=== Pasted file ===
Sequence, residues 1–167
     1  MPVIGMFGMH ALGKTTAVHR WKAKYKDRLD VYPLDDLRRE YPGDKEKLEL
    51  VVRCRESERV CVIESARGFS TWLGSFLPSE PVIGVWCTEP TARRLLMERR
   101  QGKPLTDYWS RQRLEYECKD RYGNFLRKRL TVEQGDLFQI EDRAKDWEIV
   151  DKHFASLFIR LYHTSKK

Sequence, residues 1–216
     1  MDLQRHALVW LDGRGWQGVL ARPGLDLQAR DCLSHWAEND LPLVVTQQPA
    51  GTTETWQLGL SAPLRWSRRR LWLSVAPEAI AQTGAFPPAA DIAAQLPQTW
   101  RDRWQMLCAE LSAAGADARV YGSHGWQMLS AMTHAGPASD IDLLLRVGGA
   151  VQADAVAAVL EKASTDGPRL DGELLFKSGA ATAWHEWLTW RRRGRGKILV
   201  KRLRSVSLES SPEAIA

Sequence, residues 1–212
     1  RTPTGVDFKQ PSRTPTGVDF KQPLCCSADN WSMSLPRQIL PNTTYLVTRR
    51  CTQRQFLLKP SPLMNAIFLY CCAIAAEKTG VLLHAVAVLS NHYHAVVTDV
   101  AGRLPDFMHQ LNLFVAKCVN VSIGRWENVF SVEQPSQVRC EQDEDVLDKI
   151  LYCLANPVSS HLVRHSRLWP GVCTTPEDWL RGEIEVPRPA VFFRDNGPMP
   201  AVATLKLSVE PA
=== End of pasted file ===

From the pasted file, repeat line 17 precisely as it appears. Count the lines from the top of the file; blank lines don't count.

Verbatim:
   201  AVATLKLSVE PA